Again, we save an RTS by doing a JMP direct to a subroutine.
Now we can do the main job: displaying a number of memory locations:
JOB LDX #$00 (counter) JLOOP LDA $FFC0, X (get a byte) JSR HEXOUT (print it) LDA #$20 (space char) JSR $FFD2 (print it) INX CPX #$0A (ten bytes yet?) BCC JLOOP (no, do another) LDA #$0D (RETURN char) JMP $FFD2 (print it)
We've written the program to display a specific range of addresses. You may change it to display what you wish.
The four LSR instructions may be considered the equivalent of dividing by 16. That's what the word "hexadecimal" means, of course: hex for six and decimal for ten, giving a total of 16.
You may have decided that hexadecimal output is quite easy. It is, compared to decimal, and that gives us an interesting possibility.
Could we write hex numbers that looked like decimal numbers? In other words, could we print decimal 22 by somehow converting it to look like hex 22, and then printing it? It sounds complex: decimal 22 would be written as hex 16, and hex 22 has a decimal value of 34. Not much in common there. But there's a gimmick.
The 6502 processor has an arithmetic feature called "decimal mode." When we invoke it (with the SED, Set Decimal, command), decimal arithmetic takes place using numbers that look like hex. In other words, the decimal value of 22 is stored as hex 22. The proper name for this kind of number is not hexadecimal, of course. This numbering system is called "binary coded decimal."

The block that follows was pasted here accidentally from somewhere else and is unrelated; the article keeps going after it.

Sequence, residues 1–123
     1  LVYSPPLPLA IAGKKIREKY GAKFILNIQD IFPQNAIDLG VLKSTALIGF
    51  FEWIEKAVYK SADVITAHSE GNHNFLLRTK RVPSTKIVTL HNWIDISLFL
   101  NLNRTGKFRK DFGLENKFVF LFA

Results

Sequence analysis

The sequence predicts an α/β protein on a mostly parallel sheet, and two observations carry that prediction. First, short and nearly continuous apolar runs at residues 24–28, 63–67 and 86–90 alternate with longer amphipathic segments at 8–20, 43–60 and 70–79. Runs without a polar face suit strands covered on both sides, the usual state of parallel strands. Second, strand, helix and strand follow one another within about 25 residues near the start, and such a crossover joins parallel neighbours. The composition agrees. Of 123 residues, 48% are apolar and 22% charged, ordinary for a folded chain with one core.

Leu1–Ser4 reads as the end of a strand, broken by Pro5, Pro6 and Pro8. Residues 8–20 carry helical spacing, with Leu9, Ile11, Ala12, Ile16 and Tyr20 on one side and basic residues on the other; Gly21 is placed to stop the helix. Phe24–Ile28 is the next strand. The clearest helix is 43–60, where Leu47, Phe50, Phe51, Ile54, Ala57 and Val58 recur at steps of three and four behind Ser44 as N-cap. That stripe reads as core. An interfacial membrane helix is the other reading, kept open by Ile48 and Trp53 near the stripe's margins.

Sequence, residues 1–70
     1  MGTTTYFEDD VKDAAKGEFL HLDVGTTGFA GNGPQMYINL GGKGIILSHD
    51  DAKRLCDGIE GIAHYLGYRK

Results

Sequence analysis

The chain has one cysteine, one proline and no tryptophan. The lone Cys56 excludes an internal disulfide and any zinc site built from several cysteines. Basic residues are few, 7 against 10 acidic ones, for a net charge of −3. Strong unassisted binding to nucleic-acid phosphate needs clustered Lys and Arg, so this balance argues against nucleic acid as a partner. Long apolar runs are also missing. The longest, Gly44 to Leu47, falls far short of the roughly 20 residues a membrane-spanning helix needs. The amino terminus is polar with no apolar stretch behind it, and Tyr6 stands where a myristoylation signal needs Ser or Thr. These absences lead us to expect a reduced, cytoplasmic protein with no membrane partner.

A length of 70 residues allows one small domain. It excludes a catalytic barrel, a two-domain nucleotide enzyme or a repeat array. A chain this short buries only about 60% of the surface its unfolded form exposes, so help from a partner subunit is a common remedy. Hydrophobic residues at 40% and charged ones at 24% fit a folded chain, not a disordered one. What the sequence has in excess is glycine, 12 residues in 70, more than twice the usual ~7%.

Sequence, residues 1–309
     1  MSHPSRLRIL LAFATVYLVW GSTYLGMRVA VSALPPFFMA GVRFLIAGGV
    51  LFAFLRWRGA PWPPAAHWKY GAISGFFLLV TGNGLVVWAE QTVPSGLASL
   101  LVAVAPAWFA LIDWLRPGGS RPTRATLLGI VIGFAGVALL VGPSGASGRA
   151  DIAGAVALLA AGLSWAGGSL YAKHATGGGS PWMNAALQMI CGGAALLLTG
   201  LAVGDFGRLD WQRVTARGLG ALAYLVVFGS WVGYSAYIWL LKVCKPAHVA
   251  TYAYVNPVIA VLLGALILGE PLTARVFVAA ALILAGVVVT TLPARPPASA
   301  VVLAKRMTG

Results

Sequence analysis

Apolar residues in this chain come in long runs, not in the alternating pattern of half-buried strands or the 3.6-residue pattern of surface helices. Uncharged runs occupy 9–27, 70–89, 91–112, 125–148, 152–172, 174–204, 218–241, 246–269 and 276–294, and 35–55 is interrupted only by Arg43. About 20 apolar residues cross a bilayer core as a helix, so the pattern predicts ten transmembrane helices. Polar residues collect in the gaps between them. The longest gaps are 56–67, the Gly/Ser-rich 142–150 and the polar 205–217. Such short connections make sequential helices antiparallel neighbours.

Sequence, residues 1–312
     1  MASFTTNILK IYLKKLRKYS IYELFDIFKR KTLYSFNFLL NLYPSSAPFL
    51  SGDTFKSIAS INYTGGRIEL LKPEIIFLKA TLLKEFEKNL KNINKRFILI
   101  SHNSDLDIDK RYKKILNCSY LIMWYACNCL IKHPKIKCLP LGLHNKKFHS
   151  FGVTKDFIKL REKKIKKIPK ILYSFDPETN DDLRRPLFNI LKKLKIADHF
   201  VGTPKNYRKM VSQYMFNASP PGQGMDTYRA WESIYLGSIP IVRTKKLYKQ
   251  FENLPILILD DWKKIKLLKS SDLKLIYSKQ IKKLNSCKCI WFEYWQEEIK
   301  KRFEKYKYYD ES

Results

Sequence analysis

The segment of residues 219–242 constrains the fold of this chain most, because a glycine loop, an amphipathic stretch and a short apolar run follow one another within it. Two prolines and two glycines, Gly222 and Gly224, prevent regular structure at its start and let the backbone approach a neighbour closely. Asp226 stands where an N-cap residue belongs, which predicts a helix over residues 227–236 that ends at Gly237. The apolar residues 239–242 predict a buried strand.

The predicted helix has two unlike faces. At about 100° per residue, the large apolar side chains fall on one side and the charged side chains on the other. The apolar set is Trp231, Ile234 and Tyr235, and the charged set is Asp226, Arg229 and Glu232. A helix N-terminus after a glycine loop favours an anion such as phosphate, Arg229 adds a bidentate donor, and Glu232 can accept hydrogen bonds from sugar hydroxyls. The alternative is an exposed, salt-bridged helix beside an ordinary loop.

We can't go into the inner mysteries of BCD at this time, but a few facts can be noted. Decimal mode affects only the ADC (add with carry) and SBC (subtract) instructions; all other instructions still deal with binary numbers. If you're going to play with decimal mode, kill the interrupt for the moment; your interrupt routines may not be able to cope with "new math." And remember to put everything back (clear decimal mode, restore the interrupt) when you've finished doing the task at hand.
Decimal mode arithmetic is great for things like keeping score in video games. The scores can be easily translated and delivered to the screen. But decimal mode is not too good for serious mathematics: multiplication, division, square roots and such become much harder to handle. For most applications, stick with binary.
We'll be talking about how to convert binary numbers to decimal in the next session.